A member of the generation that came of age after the American Revolution, Washington Irving admiringly recorded European scenes and traditional society in England and Spain for an American (as well as a European) audience. His writing may be characterized by the title of one of his own works: Tales of a Traveller (1824). Born in New York City to a commercial family (his father was a hardware merchant and deacon in the Episcopal Church), Irving was indulged by his parents and six older brothers and sisters, who took pride in the “sensibility” that he would successfully exploit in his literary life. Instead of following his brothers to Columbia College, he chose to travel in Europe (1804-6), thus establishing the pattern of gentlemanly, nonprofessional self-cultivation reflected in his best-known literary productions. Although he read law and passed the New York State bar examination (March 24, 1806), Irving never devoted himself to the profession of the law.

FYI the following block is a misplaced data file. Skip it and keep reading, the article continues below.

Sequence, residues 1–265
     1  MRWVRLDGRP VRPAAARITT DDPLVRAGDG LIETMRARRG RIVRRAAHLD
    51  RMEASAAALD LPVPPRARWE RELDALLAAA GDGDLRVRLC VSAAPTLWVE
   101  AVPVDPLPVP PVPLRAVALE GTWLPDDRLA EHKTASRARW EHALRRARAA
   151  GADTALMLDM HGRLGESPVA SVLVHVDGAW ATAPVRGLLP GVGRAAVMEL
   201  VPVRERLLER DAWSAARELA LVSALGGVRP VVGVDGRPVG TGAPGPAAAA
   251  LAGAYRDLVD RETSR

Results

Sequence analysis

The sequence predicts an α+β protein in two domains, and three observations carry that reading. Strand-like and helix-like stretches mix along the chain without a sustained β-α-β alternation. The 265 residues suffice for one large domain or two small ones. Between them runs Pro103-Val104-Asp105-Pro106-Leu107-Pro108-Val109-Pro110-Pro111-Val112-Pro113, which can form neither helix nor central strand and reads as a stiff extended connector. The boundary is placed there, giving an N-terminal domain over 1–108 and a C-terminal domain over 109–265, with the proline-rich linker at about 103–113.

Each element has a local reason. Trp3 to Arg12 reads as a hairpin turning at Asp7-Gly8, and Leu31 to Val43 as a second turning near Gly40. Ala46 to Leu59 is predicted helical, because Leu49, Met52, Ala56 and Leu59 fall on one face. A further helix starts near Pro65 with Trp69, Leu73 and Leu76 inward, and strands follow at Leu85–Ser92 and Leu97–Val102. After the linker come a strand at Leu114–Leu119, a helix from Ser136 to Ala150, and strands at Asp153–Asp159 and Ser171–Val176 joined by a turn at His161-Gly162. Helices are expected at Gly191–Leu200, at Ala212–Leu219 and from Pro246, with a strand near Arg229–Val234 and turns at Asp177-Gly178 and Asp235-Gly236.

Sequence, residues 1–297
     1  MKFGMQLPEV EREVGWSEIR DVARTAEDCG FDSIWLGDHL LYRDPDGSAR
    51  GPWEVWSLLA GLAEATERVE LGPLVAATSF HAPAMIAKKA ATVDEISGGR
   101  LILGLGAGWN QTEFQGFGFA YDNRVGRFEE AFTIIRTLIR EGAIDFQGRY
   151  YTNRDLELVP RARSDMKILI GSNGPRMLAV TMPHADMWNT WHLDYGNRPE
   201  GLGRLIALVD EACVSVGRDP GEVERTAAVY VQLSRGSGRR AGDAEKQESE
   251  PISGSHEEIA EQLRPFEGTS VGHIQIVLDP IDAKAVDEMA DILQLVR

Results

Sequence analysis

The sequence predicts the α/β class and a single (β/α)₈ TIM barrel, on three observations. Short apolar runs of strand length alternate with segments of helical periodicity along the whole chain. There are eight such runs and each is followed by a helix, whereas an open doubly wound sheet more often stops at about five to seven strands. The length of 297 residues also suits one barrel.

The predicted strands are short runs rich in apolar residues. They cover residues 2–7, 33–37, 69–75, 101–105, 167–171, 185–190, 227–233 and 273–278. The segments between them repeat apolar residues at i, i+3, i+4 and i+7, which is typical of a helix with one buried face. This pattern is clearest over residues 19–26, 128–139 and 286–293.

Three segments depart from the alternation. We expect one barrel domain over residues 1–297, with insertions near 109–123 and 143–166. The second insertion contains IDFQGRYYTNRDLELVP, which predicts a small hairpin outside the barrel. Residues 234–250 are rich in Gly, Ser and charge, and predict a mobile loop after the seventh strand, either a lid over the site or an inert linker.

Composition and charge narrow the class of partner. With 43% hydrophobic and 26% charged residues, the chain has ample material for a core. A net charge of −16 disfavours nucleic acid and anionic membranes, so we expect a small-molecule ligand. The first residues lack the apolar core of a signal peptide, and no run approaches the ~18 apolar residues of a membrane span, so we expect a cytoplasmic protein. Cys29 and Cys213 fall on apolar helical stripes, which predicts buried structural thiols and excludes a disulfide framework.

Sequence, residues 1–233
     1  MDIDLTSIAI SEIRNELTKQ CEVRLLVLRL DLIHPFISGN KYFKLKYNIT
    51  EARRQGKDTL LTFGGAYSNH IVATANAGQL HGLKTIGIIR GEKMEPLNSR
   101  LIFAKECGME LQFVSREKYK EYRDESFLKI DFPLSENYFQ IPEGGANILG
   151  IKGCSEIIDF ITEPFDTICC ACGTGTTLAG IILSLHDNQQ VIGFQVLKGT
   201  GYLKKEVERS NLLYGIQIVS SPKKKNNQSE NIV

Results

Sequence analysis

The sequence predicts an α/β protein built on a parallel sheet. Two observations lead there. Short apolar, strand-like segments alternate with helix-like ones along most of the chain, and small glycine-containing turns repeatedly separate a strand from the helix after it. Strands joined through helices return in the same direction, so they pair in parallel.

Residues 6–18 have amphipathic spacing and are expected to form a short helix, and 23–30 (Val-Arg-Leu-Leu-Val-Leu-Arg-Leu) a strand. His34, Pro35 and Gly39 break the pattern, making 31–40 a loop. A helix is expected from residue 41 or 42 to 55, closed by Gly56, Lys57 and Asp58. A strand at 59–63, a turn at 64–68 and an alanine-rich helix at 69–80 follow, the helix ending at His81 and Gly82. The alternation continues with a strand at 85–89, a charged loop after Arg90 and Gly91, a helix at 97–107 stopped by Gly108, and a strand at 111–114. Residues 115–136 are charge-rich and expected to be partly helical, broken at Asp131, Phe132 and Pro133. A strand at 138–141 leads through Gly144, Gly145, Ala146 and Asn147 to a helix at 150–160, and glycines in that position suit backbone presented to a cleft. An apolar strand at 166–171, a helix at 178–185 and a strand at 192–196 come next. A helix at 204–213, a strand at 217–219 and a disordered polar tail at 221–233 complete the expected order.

His early writings were written for his own amusement and that of his friends and were published pseudonymously. With his brother William Irving and James K. Paulding he produced a comic periodical, Salmagundi (1807-8), and in 1809 he published “Diedrich Knickerbocker's” History of New York, a satiric history of Dutch colonial settlement that was admired by Sir Walter Scott. Between 1812 and 1815 he edited the Analectic Magazine, which contained original materials as well as reviews and articles reprinted from British periodicals. In May 1815 he sailed to England, intending to work for his family's import firm in Liverpool. When the firm went bankrupt in 1818, Irving became, for the first time, a professional author. The Sketch-Book of Geoffrey Crayon, Gent., published serially in the United States (1819-1820) and as a book in England (1820), established him as the first American author since the American Revolution to be applauded in England. Writing as “Geoffrey Crayon, ” a sauntering,